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Why Isn't the U.S. on the EMV Standard Yet?

EMV (Europay, MasterCard and Visa) credit cards have taken the retail world by storm. That is — everywhere but in the United States — a market with more than 1 billion credit and debit cards, most of which aren't equipped with EMV technology.

In fact, Chase only recently became the first major bank to begin offering these chip-enabled credit cards within the U.S.

By contrast, most of Europe and Asia have already made EMVs mandatory. And in 2015, they will become the official standard in neighboring Canada.

So why hasn't the EMV become standard yet in the U.S.?

There are actually a few reasons:

1. Merchants Must Invest In New Equipment

In order to read chip-enabled EMV credit cards, merchants must invest in newer payment terminals at their cash registers. In markets where the technology has become mandatory (i.e. the rest of the world), the added expense isn't optional.

But in the U.S., many retailers don't want to spend extra money unnecessarily.

However, it's worth noting that EMV credit card readers are investments that pay for themselves very quickly. This is because chip-enabled payment technology helps to reduce credit card fraud — often by a lot. This means fewer expenses and more sales in the long run.

2. New Compliance Rules

Another hurdle to widespread adoption in the U.S. is compliance. Merchants must follow updated rules and regulations in order to begin accepting EMV payments. These rules are in addition to the guidelines that already govern credit card transactions.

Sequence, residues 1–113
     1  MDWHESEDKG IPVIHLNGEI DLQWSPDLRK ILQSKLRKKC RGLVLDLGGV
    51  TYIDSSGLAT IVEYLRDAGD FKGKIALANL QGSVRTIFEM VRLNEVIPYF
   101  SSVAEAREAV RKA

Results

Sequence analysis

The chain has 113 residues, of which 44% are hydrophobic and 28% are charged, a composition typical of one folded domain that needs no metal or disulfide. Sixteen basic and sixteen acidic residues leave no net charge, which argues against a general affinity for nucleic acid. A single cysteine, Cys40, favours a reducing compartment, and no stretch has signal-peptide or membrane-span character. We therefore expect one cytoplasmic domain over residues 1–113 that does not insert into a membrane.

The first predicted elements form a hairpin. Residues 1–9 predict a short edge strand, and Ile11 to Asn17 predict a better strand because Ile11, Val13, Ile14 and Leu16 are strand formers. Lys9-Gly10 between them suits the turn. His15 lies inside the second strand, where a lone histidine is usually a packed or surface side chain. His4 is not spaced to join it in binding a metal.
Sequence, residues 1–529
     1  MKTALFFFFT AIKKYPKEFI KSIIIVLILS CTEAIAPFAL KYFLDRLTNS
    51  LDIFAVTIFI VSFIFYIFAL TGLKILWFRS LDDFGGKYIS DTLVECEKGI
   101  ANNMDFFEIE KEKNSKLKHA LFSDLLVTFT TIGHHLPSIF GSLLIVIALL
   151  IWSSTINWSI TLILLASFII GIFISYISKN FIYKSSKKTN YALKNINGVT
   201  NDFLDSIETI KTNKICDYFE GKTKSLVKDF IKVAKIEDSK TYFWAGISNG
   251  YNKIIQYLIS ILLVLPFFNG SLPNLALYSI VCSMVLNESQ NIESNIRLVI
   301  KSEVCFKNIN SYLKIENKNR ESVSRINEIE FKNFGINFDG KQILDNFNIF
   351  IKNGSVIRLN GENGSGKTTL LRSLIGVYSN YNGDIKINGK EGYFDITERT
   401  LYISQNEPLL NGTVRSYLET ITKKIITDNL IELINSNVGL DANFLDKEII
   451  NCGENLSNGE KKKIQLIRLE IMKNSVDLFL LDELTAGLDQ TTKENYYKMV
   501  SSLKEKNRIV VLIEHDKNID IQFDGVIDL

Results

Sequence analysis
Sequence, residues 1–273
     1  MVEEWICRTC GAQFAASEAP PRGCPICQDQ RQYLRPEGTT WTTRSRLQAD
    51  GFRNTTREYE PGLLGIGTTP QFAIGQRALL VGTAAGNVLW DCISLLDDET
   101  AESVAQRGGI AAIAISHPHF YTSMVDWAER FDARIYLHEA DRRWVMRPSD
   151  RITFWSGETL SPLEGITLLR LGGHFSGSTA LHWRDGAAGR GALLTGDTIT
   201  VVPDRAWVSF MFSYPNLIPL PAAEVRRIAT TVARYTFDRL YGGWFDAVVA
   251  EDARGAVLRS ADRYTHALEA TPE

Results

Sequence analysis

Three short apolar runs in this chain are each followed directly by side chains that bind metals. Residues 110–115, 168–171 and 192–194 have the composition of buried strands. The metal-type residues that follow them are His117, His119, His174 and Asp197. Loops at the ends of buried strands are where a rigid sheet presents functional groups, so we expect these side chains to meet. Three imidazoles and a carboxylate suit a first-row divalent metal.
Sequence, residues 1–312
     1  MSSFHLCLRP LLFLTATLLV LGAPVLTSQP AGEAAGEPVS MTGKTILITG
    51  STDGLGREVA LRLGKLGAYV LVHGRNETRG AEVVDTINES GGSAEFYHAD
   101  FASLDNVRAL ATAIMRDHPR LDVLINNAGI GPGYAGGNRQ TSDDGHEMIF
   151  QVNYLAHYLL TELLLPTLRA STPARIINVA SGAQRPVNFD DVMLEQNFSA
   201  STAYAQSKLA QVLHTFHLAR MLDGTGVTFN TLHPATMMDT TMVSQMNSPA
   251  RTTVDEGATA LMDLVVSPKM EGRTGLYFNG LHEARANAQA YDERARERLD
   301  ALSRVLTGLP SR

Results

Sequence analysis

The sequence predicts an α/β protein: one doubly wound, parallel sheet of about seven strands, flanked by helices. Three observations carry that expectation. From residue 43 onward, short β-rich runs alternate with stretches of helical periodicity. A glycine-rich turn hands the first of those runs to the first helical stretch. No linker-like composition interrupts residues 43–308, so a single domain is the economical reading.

However, this hurdle may soon disappear as new rules help shift credit card fraud liability to whichever side of each transaction isn't EMV-ready.

In other words:

  • If a customer uses an EMV card at a retail POS that doesn't have an EMV reader, the merchant is 100 percent responsible for any credit card fraud that happens.
  • If a customer uses a traditional swipe-and-sign credit card at a retail POS that does have an EMV reader, that customer's bank is responsible for any fraudulent losses that might occur.

In order to reduce future liability, both merchants and banks are highly incentivized to make the transition to EMVs as soon as possible.

3. American Pride?

In the U.S., we generally like to be first in everything. But because the rest of the world has already embraced EMV technology, we’re the last ones to the party.

So perhaps our lingering reluctance has something to do with pride. It sounds a bit ridiculous at first, until you remember our refusal to abandon imperial weights and measurements in favor of the metric system. (Which makes more sense? Having 5,280 feet in a mile … or having 1,000 meters in a kilometer?)

Ready to Switch to EMV Credit Card Readers?

EMV credit card technology offers a lot of terrific benefits. You can:

  • Keep fraud to a minimum (fewer costs and higher sales)
  • Limit your liability (even fewer costs)
  • Join the international community of retailers

True, there might be a few more rules to follow. And you may have to train your employees how to use EMV credit card readers. But the investment is worth it. And by 2018, you may not even have a choice in the matter. EMVs are becoming increasingly mainstream as American consumers demand more payment security.

Fortunately, we're here to help you with the transition. To begin exploring your EMV options, use the free links below:

  • To learn more about EMV credit cards and readers, click here.
  • To learn more about credit card processing at BluePay, click here.
  • To speak with our support team today, click here.

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